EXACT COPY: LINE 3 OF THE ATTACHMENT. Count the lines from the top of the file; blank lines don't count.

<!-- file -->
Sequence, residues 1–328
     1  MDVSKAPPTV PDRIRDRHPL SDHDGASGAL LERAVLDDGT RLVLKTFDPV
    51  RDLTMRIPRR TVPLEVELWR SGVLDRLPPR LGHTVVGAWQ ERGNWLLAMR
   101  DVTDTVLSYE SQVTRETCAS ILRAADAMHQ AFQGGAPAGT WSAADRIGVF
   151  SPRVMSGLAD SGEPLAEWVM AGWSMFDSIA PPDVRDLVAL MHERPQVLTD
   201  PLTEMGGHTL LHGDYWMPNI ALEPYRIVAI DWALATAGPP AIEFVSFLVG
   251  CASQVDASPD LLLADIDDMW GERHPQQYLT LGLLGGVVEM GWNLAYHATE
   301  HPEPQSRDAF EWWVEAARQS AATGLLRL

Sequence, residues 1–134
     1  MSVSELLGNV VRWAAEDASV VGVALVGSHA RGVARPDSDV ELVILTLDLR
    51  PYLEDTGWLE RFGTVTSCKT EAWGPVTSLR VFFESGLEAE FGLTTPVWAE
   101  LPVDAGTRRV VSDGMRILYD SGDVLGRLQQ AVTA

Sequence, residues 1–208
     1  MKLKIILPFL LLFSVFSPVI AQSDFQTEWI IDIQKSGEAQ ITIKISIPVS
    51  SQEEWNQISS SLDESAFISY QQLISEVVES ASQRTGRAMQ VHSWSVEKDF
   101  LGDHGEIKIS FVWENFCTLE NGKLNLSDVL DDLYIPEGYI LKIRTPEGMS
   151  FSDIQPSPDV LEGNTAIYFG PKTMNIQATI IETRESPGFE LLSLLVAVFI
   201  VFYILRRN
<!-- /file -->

    51  RDLTMRIPRR TVPLEVELWR SGVLDRLPPR LGHTVVGAWQ ERGNWLLAMR